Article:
By Alexander Ramirez
WASHINGTON D.C. – Research done by The Sentencing Project has shown that the number of people being sentenced to a life sentence without parole, life sentence with parole, or a virtual life sentence of over 50 years has been increasing since the initial life sentences were first recorded in 1984.
One in seven people currently in prison are serving life sentences, according to the report – that means 203,865 individuals are currently in prison with a life sentence; five times the level in 1984.
Research shows these sentences have been disproportionately higher among minority communities, with 46 percent of this population being Black, and 16 percent being Latinx. The number of women currently serving sentences of life without the possibility of parole (LWOP) have also increased 43 percent between 2008 and 2020.
Although the population of inmates over 55 years of age only makes up 12 percent of the state prison population, this same population makes up 30 percent of the population serving life sentences, whether or not they still pose a threat to the population.
The Sentencing Project performs research like this to bring to light the disparities and the destructive practices that plague the American prison system in hopes of leading to reform in the future.
“Life sentences are a poor way to achieve public safety because most people mature and change for the better with time, including people who have committed serious crimes,” said Ashley Nellis, the report’s author, adding, “Keeping people apart from the rest of society for decades beyond what is necessary is both cruel and costly.”
Some states are attempting to provide reform to this system through second-look legislation.
In 2018, California passed a law that allowed for prosecutors to argue a sentencing they believed were too harsh at the time of sentencing. The Council of the District of Columbia also passed legislation that allowed inmates under the age of 25 when they were sentenced to petition for a resentencing after 15 years.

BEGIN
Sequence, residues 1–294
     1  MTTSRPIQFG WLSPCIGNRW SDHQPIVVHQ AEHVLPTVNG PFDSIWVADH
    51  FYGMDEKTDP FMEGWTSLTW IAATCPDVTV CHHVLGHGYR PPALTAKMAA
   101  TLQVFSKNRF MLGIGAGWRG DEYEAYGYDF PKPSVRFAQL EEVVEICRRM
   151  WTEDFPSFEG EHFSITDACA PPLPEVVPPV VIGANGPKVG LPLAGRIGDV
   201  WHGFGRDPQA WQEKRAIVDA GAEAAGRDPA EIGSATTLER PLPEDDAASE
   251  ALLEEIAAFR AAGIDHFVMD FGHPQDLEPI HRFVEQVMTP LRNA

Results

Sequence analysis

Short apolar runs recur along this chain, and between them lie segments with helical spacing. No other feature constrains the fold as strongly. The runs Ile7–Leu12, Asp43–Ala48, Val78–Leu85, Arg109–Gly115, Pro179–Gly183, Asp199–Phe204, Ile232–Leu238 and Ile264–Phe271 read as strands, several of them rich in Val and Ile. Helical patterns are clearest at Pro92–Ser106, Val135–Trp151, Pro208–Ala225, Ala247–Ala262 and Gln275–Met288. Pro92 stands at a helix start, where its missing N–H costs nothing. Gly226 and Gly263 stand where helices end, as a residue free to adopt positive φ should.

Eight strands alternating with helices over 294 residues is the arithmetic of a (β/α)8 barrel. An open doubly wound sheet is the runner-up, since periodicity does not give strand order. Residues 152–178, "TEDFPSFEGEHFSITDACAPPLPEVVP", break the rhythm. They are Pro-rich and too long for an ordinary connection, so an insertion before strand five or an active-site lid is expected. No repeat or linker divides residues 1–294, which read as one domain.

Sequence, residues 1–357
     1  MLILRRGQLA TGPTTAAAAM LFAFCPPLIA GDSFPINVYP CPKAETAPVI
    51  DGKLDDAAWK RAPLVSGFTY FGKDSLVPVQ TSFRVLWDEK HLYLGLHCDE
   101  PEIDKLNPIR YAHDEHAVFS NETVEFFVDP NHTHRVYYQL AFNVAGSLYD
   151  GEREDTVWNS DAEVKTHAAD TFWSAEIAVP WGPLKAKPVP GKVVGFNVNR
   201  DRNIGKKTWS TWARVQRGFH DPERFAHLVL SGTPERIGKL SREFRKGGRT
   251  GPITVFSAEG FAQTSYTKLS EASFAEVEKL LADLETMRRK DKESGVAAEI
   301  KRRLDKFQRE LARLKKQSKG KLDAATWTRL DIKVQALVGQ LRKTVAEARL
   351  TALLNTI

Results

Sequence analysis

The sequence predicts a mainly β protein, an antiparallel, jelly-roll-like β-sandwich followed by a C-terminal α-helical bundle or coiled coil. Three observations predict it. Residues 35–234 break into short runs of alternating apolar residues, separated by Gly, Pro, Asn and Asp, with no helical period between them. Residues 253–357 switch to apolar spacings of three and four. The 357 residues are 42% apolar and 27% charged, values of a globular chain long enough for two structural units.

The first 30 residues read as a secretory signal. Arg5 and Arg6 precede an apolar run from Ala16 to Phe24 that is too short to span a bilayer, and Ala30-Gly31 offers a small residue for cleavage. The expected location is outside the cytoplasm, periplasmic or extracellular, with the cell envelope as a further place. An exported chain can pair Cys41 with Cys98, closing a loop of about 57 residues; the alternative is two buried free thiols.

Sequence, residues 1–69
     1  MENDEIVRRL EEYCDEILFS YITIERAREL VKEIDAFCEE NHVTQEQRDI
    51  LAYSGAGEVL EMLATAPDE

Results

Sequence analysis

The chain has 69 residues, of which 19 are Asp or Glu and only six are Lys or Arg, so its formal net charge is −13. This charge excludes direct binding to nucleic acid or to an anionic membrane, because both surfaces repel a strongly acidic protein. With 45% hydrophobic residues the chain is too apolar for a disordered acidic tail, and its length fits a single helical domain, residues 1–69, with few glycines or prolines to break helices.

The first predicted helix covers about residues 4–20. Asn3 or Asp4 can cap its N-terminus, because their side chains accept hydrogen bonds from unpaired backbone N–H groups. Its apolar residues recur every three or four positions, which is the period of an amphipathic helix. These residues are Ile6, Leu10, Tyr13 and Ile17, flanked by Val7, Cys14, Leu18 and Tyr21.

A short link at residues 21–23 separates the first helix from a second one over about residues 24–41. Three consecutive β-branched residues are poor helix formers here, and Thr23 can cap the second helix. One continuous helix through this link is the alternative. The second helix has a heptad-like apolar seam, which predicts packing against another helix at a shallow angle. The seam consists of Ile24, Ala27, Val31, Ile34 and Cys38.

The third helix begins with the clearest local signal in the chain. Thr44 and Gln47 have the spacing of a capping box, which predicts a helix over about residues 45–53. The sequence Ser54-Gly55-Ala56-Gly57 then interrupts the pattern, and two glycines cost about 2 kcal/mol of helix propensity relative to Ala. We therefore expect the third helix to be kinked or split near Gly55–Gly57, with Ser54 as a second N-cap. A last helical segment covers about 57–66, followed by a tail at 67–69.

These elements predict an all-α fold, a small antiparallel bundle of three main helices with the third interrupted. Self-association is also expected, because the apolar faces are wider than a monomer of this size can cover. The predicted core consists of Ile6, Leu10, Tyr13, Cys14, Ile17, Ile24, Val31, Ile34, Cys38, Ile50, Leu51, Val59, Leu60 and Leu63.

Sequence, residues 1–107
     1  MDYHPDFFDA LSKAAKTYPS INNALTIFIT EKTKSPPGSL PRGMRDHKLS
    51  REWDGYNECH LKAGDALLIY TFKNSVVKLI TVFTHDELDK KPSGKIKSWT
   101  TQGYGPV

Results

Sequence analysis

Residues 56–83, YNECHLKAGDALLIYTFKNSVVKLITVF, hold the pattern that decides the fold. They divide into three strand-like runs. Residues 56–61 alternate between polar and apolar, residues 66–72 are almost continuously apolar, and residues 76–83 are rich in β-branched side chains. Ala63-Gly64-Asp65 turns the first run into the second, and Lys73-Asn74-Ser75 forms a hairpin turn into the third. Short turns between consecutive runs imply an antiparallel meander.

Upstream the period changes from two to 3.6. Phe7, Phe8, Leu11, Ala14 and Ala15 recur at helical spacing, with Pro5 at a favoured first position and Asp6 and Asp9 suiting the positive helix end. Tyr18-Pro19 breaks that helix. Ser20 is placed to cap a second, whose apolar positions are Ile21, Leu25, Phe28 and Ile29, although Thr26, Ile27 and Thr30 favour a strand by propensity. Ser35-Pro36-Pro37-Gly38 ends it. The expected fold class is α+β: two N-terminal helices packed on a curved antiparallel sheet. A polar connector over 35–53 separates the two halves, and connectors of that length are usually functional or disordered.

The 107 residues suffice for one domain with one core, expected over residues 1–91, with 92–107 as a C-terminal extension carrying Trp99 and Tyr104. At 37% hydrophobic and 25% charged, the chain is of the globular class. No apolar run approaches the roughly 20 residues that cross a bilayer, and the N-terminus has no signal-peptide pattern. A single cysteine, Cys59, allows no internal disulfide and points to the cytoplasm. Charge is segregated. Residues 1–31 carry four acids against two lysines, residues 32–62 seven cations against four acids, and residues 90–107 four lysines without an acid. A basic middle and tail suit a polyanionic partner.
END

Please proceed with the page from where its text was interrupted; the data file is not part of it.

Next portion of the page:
The Sentencing Project would argue that this is a good start, emphasizing “start.”
To complement this reform, The Sentencing Project also suggested that a maximum cap of 20 years should be allowed for life sentences, except in rare circumstances.
This would free up funds to work on giving aid to communities and inmates affected by the prison system, so as to properly prepare them with dealing with the physical and emotional stress they may have received during their time in prison.
“Enacting a 20-year cap on life sentences in most cases could reverse the tough-on-crime policies debunked by years of social science. This cap would recalibrate all sentences downward, leading to substantial reductions in incarceration and producing a more humane, effective, just, and merciful system,” according to the group.
The main pushback against this is most people who received life sentences have committed violent acts to warrant their sentence. However, people who committed violent acts are not more likely to commit another violent act than someone who committed a non-violent act when they are released.
Proper parole and sentencing boards are necessary to properly gauge the inmates who are ready to be released, said The Sentencing Project.
Looking beyond the current congestion of inmates or the safety of those inmates, both caused by the COVID pandemic, for the sake of human rights and a more humane justice system, The Sentencing Project would argue that we need change, and need it now.
Alexander Ramirez is a third-year Political Science major at the University of California, Davis. He hopes to hone his writing skills in preparation for the inevitable time of graduation.
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